What I learned from reading The Vagabonds: The Story of Henry Ford and Thomas Edison's Ten-Year Road Trip by Jeff Guinn.
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Ford generally accepted the responsibilities of his celebrity-he'd worked diligently to cultivate it, realizing early on that his personal fame heightened demand for Model Ts.
Ford's Model T changed everything. Thanks in great part to Ford's innovative assembly line, Model Ts were mass-produced on a previously unimaginable scale. In competitors factories, it took workers several hours to assemble an individual car. At the Ford plant, a completed Model T rolled off the line every two and a half minutes.
Ford continued tinkering with the manufacturing process, aggressively seeking ways to cut production expenses and Model T prices even more. The best example fostered a popular joke that you could buy any color Model T that you liked, so long as the color was black. Few realized that Ford insisted the cars come in that color because black paint dried quickest, meaning Model Ts could be whipped through the assembly line and off to dealerships at an even faster pace, saving additional time and labor related dollars.
The Model T alone would have established Henry Ford as a household name, but he'd further cemented his reputation as a friend of the working man with a stunning announcement. In an era when factory line workers were lucky to earn $2 a day for their labor and toiled through ten-hour shifts six days a week, Ford pledged to pay $5 a day, and to reduce workdays to eight hours. Everyone in America was talking about it.
Over the years, as Ford founded and failed with two auto manufacturing companies before succeeding with his third, he endlessly reminisced about the meeting and Edison's words of encouragement: “Young man, that's the thing. You have it. Keep at it.”
Ford was a cannier businessman than his hero, much wealthier.
They found themselves in complete agreement about the evils of Wall Street and the crass men there who cared only for profit and not for the public. Both were poor boys who made good. Neither had a college degree, and both were disdainful of those who believed classroom education was superior to hands-on work experience and common sense.
Like Edison, Ford didn't have many friends. Ford was a prickly man and also a complicated one, burning to make the world better for humanity as a whole while not enjoying personal contact with most individuals.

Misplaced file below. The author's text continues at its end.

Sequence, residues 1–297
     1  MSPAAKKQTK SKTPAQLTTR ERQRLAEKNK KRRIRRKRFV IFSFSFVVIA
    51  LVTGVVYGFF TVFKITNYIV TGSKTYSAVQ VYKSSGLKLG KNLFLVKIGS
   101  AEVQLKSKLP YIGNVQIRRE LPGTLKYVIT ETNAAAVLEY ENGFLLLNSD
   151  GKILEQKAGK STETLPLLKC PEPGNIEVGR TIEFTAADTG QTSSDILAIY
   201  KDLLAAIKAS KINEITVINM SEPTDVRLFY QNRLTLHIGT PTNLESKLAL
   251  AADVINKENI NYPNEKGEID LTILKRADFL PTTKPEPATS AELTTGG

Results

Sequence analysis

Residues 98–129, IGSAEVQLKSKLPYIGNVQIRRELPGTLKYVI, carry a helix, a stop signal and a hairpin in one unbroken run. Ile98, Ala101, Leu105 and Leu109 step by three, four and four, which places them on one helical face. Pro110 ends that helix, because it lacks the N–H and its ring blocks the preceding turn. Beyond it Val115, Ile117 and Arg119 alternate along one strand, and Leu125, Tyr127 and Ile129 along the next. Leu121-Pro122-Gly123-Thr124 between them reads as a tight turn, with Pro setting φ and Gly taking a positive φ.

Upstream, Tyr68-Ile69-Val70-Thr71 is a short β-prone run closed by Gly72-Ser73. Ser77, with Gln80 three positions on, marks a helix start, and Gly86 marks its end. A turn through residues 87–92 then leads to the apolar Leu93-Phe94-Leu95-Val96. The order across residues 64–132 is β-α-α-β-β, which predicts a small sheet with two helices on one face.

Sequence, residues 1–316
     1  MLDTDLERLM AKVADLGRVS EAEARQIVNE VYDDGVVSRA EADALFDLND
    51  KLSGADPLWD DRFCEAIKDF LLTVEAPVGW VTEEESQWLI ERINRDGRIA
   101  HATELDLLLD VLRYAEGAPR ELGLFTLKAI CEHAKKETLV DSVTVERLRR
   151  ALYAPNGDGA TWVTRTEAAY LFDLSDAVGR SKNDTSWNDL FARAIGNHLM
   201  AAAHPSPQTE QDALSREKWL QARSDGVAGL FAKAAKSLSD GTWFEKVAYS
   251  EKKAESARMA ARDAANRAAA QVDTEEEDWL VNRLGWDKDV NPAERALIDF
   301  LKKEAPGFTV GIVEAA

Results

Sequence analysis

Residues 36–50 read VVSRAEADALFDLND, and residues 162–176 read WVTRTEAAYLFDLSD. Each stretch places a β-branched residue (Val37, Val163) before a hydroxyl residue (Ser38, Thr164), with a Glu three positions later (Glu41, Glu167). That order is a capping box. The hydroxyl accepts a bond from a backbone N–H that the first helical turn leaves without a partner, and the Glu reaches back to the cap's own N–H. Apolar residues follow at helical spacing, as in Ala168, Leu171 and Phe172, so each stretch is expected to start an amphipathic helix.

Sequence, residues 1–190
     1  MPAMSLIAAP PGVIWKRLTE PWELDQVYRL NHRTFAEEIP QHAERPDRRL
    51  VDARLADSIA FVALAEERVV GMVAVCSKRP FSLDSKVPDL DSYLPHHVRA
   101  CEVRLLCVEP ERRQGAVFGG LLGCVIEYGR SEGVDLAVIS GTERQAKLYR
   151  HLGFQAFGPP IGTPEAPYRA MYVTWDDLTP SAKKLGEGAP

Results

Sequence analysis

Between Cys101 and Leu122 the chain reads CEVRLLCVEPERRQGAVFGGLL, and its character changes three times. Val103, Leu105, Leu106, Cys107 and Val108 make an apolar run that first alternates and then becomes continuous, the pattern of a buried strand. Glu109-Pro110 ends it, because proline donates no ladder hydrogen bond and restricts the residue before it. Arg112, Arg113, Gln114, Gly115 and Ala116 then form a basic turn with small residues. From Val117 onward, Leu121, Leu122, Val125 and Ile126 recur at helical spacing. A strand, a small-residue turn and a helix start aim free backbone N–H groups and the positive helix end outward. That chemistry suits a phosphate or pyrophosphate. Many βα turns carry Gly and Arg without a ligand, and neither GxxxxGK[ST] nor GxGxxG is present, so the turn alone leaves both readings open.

Ford never doubted his own beliefs and decisions, forbidding disagreement from employees and ignoring any from outsiders. Ford's hobby was work. He devoted almost every waking minute to it.
When he and the inventor quickly became the closest of friends, Ford felt energized again, thanks in great part to Edison's inspiration.
For all of Ford's professional life he'd had to overcome skepticism from other successful men. He had always been the outsider, the one with the crazy ideas and clumsy social graces. Edison sympathized, because in his earliest years of prominence he was criticized for some of the same traits. The inventor not only accepted Ford for the rough-edged man that he was, he recognized in him the fine qualities that offset the carmaker's obvious flaws.
Henry Ford was always a man of strong opinions, and one who absolutely trusted his own instincts. He especially disdained anyone identified as an expert: "If ever I wanted to kill opposition by unfair means, I would endow the opposition with experts. No one ever considers himself an expert if he really knows his job."
When prominent, better educated men and their hired experts insisted that the future of the automobile market was limited to manufacturing expensive cars for the wealthy, Ford believed that the real potential lay in sales of a modest but dependable vehicle to the growing American middle class; there would be less profit in individual transactions, but the sheer number of sales would yield greater cumulative returns. With the Model T, Ford was proved right, and he reveled in it.